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US blockchain industry calls for national licensing regime
Six of the leading blockchain-based firms and advocacy groups have submitted comments in response to the Office of the Comptroller of the Currency’s (“OCC”) white paper titled “Supporting Responsible Innovation in the Federal Banking System: An OCC Perspective”, which was published in March 2016. This includes Circle, Ripple, Coinbase, Chamber of Digital Commerce, R3CEV and Coin Center.
The companies applauded the OCC’s efforts to develop a framework that addresses innovation in financial services and provided further insight into how to foster innovation while fulfilling its regulatory mandate.
The representatives highlighted that a major challenge for fintech companies in the United States is the licensing requirements. They urged the regulator to frame a national licensing regime, allowing startups to evade the state-by-state licensing process, thereby significantly lowering barriers to entry.
"Our regulatory regime lacks an efficient national licensing option designed for companies with national or global reach. This gap limits the ability for these companies to grow in the US. In many cases, they relocate or focus their growth in countries with more efficient licensing regimes”, Ryan Zagone, Director of Regulatory Relations at Ripple, wrote. “Ripple urges regulators to consider the creation of a single national license for money transmission and related activities. This would allow companies seeking to work with banks a more efficient path to licensing and oversight”.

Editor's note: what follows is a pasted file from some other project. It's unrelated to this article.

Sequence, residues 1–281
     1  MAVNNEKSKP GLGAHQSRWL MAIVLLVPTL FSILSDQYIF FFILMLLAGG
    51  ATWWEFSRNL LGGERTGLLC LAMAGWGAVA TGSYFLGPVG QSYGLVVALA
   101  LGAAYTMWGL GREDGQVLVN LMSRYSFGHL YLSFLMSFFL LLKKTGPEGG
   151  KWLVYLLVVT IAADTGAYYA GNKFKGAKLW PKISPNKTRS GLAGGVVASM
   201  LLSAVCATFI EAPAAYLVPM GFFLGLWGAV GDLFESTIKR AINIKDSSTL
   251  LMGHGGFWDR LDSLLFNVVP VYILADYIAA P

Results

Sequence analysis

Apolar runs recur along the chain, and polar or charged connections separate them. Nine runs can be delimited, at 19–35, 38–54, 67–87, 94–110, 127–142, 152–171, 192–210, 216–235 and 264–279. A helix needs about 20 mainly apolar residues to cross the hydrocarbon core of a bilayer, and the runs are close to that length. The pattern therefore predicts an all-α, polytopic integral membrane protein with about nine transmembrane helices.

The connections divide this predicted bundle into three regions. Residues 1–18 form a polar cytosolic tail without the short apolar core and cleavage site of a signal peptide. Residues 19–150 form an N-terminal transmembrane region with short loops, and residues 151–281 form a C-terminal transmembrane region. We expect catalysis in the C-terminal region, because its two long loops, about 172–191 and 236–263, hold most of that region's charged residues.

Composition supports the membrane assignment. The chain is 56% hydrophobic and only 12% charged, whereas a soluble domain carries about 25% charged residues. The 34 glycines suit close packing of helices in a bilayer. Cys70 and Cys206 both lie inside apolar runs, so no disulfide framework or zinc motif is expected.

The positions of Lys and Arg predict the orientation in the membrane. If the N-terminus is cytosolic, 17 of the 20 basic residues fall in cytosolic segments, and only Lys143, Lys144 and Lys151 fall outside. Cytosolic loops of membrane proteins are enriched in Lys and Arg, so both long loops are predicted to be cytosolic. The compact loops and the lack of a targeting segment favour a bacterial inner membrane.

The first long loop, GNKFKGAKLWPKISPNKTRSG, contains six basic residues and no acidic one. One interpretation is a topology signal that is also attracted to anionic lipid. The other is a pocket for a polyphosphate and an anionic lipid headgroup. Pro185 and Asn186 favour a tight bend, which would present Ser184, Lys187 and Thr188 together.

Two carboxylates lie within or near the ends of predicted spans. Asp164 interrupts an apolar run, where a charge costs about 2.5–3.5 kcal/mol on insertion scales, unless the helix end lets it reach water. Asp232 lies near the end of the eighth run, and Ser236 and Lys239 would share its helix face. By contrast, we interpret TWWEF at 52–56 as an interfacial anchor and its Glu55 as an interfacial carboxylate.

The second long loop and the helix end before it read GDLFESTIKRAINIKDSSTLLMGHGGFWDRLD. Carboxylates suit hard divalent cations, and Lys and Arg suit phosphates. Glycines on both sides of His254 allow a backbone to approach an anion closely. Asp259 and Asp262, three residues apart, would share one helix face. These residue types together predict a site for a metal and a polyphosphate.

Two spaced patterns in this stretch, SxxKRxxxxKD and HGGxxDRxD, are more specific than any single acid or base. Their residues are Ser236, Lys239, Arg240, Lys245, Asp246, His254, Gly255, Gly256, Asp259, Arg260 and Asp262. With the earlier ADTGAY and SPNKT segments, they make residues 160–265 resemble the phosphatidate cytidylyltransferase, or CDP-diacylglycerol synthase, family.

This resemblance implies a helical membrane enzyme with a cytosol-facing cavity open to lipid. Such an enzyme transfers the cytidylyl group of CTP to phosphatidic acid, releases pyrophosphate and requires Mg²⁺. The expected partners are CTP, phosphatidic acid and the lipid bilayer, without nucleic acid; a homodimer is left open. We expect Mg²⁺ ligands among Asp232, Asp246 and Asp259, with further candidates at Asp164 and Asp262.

John A. Beccia, General Counsel and Chief Compliance Officer Circle Internet Financial, Inc, recommended the OCC to consider becoming the leading agency for financial innovation in the U.S., and becoming the central point of contact for all U.S. federal and state regulators, international regulators, industry groups and other interested stakeholders.
Perianne Boring, Founder and President Chamber of Digital Commerce, underscored the importance of blockchain technologies saying that the technology is capable of giving the OCC and other regulators new tools to fulfill its mission (monitoring activities in the fintech space, innovation etc.) more effectively, and encouraged the OCC to focus on and embrace innovation in blockchain technology.
Focusing on digital currency industry, Boring outlined that not all companies associated with digital currencies and digital assets are money services businesses (MSBs).
“Companies that are involved in developing and deploying digital currency or asset protocols, crypto currencies, or other digital assets, but who are not involved in the provision of money transmission or other MSB activities, are being denied access to banking services in the current system”, Boring added. “the digital currency and digital asset companies involved in MSB activities are similarly being denied access to banking services without appropriate initial due diligence aimed at understanding the actual business model of the companies.”
Charley Cooper, Managing Director, R3, said that the OCC should consider various ways to actively engage with the private sector (both financial services and technology companies) to better understand and support the new technologies coming to market.
“By working together as these technologies mature, the entire market will benefit”, he added.